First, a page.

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kimannIf you’ve ever walked into a room full of people who share your personal passion and thought to yourself, “I have found my people,” then you’ll know exactly how KimAnn Schultz felt when she attended her first Fashion Arts Society event.

Make no mistake—FAS is not a ladies lah-tee-dah organization for a few select people. It’s a four-year-old affiliate group of the Indianapolis Museum of Art and a forum where all kinds of people engage with each other over Fashion—and yes, that’s with a capital F.

Schultz was drawn to the group after reading about it in Indianapolis Monthly. “My first thought was, ‘How did I not know about this group?’” she says. Her first event was a movie featuring Audrey Hepburn, followed by a social where she met other fashion-minded people.

“It was the most amazing thing,” Schultz says. “It was one of those moments when you recognize your own.” Soon she started helping with Hats Off, one of the group’s signature events.

That led the writer, artist and Huffington Post blogger to accept an FAS leadership role as this year’s president. Schultz’s lively mind, enthusiasm and inclusiveness are a welcoming presence for all comers—especially those who are interested in having meaningful conversations.

I asked Schultz to be my first interview for Download, a series of Q&A articles where thought leaders share what’s on their mind, what they’re watching, listening to, reading—and, of course, what they’re wearing. (Yes, I stole this idea directly from the New York Times.)

Why did you decide to get involved with Fashion Arts Society?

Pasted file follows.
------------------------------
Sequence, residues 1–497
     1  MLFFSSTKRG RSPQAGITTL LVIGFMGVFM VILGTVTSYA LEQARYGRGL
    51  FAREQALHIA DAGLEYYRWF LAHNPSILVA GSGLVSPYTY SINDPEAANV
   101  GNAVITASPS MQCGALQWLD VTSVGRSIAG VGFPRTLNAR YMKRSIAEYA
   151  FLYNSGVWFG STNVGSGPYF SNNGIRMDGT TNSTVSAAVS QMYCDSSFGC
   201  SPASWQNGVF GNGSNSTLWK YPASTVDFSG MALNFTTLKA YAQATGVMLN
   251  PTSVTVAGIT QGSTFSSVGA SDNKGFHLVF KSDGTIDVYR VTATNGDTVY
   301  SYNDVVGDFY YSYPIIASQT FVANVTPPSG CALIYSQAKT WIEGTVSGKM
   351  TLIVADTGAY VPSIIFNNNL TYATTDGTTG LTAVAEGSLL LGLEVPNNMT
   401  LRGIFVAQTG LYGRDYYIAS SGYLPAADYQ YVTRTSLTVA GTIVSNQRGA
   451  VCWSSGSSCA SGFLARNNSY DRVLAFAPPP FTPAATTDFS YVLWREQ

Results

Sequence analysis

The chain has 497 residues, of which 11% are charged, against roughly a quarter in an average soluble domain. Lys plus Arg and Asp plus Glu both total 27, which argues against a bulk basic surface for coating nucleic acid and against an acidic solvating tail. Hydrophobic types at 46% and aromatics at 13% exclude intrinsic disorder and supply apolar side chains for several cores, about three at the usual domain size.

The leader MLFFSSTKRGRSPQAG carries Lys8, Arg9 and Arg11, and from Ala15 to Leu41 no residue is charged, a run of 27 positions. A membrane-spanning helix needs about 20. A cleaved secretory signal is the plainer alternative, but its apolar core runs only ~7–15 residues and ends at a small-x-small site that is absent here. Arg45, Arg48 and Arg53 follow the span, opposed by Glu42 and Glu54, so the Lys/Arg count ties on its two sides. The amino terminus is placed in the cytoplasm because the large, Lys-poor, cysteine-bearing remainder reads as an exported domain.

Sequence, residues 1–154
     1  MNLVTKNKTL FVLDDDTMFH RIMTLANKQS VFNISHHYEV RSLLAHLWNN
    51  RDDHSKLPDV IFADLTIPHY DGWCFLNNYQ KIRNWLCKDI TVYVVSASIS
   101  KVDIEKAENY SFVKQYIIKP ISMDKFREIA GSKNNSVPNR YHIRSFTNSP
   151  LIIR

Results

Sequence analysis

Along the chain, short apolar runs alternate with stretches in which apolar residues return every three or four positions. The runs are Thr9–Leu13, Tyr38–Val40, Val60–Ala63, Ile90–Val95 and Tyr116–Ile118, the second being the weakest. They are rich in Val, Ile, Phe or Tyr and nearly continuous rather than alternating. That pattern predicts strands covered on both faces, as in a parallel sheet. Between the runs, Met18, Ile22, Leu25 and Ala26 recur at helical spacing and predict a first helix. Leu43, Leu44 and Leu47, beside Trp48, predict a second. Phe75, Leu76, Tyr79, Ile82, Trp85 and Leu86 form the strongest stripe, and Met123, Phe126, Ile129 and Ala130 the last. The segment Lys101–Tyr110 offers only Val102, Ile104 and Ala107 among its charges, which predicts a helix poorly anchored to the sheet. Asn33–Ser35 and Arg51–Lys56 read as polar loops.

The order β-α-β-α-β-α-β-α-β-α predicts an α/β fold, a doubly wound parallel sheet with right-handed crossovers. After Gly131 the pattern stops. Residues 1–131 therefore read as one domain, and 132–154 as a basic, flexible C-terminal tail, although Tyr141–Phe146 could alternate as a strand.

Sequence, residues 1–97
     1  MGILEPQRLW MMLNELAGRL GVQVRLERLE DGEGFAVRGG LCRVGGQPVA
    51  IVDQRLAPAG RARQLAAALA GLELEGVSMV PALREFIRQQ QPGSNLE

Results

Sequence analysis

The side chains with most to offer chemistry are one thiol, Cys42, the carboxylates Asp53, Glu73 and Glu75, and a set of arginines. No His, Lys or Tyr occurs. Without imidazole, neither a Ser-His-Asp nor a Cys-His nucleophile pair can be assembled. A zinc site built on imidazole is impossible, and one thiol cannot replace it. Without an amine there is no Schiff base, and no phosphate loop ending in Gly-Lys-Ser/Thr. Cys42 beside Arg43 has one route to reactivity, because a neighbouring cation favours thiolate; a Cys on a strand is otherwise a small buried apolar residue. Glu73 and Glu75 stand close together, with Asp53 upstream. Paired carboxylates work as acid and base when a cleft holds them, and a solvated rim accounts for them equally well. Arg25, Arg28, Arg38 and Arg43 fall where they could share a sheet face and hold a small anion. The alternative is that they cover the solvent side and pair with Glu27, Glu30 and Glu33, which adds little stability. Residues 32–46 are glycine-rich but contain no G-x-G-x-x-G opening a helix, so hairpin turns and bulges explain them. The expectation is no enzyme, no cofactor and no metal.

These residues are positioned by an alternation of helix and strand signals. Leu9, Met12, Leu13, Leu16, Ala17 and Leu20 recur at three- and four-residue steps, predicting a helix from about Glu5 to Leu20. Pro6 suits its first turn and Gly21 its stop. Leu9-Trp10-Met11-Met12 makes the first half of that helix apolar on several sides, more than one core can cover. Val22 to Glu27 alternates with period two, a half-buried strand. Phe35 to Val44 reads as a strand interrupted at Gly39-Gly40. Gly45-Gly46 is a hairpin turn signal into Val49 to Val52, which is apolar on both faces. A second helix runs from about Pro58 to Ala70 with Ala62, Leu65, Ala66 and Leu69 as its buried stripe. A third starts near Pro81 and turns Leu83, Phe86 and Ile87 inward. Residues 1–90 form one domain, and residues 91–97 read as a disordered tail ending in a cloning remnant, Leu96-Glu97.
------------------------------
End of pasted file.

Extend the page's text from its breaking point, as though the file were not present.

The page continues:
To me, it’s this perfect marriage of dealing with wearable things that I love, buy and collect. I enjoy fashion philosophy as a form of expression and the way it marks time. When you blend that with support for the textile arts at the IMA and the amazing fashion legacy we have with these designers from Indiana, it represents a massive undercurrent of creativity and drive. It’s the equivalent of becoming an antique dealer to support your love for buying antiques. I get to transform my intense love of fashion and jewelry into something really constructive.

What do you most like about FAS?
The diversity of people is so refreshing. As we go through our adult life, it’s so typical to be pigeonholed by job categories. It’s hard to break out of that. In a group like this, what someone does to earn a paycheck has almost nothing to do with what brings us together, what our stories are, and how fashion plays into our lives. I’m blown away by our mutual love of fashion and I consider it a continuing privilege to hang out and work with all these people.

I think conversation is a little bit of a lost art. Our political environment is so tightly wound that politics is generally off the table and rarely gets covered. So people talk about themselves more. That subtracts from meaningful small talk and topical conversations about art and literature. FAS brings together creative types and creates some commonality. We get to delve into these topics that are near and dear to us. All the sudden, there’s so much more that can be discussed without being pigeonholed or creating social strata around income. There’s so much to be discussed that doesn’t put us in a box.

What’s your reading ritual?
We thoroughly embrace the Internet at our house, but I don’t have a Kindle or electronic reader. As fond as I am of technology, I’m extremely old-fashioned about some things. I love books, but I prefer a tactile book, and I use a leather day planner that functions as my diary, journal and business tool. Daily reading includes the Yahoo home page, the Huffington Post, of course, and the Indy Star online. I’m not a super big blog follower, but I do follow bloggers who are linked with FAS.

What do you think of social media?